Not Like Anything I’ve Recently Read

Tue 28 Aug 2018 - Filed under: Not a Journal., , , , , , | Leave a Comment| Posted by: Gavin

Locus science fiction magazine July 2018Rich Horton included a couple of stories from this spring’s LCRW 37 in a recent short fiction roundup in Locus and since the reviews are now online I’ve reprinted them here because the stories are excellent and should be widely read. As I went to find Maria Romasco Moore’s twitter ID to tag her in the review I saw on her website that besides her fantastically titled forthcoming chapbook from Rose Metal Press, Ghostographs, this summer she sold her debut novel, congratulations, Maria!

Someone on twitter recently asked if we publish novellas and I answered that we sometimes do in LCRW — although if asked in person I usually add something to indicate that  a novella has to be as good as as 2-3 short stories. James Sallis’s “Dayenu” is. Last night I was looking at one of Gardner Dozois’s Year’s Bests Science Fiction and I very selfishly missed him again thinking that this was a story he would have enjoyed. It’s funny how much one person’s reading can influence so many others. Ach. Anyway, here are the reviews:

Dying Light” by Maria Romasco Moore (Lady Churchill’s Rosebud Wristlet, March) is a strong story set on a starship carrying passengers in suspended animation, heading to a newly colonized world. The passengers live in “the light”, a virtual environment, to keep them mentally sharp. The narrator, Ruth, is worried about her wife, Mag, who has become self-destructive – an odd thing in the “light”, where one can do what they want to their virtual bodies without necessarily affecting their “real” body. The real problem is Ruth and Mag’s relationship, which the story foregrounds. It’s well enough executed, but what intrigued me was the backgrounded SFnal aspects – the “light” and how it works, the hints about the state of Earth society and how that affects the colony’s prospects. Neat stuff, even if I’m not quite sure I read it the way the writer intended.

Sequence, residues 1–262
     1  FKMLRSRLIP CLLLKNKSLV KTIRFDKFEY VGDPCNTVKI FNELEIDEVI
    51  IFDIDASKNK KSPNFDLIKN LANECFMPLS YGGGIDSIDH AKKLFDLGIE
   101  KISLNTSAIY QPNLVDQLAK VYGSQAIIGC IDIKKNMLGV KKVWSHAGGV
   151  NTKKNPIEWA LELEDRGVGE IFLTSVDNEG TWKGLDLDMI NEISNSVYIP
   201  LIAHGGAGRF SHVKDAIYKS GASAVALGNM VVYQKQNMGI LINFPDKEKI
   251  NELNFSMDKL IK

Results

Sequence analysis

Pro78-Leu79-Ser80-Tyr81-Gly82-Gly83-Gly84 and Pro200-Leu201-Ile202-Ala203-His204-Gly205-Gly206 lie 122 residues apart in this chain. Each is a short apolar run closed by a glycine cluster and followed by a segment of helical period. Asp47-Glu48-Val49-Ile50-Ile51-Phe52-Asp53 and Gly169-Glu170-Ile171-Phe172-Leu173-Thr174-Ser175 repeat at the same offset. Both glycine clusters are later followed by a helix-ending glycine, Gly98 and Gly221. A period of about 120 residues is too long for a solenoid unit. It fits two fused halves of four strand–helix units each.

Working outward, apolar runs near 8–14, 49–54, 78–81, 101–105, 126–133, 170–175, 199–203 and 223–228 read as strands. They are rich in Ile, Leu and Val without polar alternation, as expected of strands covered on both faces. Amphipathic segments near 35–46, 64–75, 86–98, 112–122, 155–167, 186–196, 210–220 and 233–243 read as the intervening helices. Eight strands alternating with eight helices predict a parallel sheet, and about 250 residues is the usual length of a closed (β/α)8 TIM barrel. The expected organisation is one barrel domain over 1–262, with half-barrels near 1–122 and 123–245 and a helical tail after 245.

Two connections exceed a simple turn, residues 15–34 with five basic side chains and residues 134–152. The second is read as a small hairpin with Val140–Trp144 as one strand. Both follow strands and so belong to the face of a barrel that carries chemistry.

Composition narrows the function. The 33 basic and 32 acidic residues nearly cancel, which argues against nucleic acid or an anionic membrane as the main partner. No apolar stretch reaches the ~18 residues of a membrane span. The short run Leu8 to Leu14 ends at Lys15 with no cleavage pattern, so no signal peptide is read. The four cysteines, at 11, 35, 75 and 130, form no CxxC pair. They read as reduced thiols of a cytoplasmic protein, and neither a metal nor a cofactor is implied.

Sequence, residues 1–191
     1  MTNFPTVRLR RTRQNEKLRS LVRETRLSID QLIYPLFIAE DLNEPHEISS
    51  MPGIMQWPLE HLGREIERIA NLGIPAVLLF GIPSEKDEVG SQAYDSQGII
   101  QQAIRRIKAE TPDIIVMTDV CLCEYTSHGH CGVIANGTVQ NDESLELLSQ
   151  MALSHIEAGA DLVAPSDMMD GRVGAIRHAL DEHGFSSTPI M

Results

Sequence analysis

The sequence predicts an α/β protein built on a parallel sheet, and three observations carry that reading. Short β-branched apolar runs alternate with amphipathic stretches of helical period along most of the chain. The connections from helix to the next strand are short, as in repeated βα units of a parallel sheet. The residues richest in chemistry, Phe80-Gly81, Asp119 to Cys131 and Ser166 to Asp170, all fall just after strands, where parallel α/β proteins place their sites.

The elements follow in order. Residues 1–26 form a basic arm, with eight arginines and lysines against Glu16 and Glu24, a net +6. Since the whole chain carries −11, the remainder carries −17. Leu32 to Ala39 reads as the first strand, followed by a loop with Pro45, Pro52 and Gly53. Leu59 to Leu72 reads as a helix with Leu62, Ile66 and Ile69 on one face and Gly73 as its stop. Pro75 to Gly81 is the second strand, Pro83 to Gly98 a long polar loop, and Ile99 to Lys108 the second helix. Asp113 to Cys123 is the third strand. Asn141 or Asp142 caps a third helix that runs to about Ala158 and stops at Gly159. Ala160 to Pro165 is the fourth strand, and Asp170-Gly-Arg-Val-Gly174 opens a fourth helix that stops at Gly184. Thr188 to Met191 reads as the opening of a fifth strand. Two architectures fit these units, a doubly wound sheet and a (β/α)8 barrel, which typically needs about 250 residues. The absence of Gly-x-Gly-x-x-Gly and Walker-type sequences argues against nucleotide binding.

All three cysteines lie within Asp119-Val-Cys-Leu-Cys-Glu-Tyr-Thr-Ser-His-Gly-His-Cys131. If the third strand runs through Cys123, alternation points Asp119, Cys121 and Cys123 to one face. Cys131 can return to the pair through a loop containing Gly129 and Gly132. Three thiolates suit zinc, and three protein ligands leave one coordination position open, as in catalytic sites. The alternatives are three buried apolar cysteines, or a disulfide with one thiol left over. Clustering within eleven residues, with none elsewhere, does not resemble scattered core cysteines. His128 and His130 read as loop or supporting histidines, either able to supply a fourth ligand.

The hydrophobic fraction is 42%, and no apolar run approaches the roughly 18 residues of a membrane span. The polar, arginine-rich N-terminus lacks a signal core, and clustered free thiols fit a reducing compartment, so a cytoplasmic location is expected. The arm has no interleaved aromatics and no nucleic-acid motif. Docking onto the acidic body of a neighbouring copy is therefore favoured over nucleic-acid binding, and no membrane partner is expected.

Even better is a remarkable long story by James Sallis, “Dayenu“. It opens with the narrator doing an unspecified but apparently criminal job, and then fleeing the house he was squatting in, and meeting an old contact for a new identity. Seems like a crime story – and Sallis is primarily a crime novelist – but details of unfamiliarity mount, from the pervasive surveillance, to a changed geography, to the realiza­tion that the rehab stint the narrator mentioned right at the start was a rather more extensive rehab than we might have thought. Memories of wartime service are detailed, and two partners in particular – a woman named Fran or Molly, a man named Merrit Li. Page by page the story seems odder, and the destination less expected. The prose is a pleasure, too – with desolate rhythms and striking images. Quite a work, and not like anything I’ve recently read.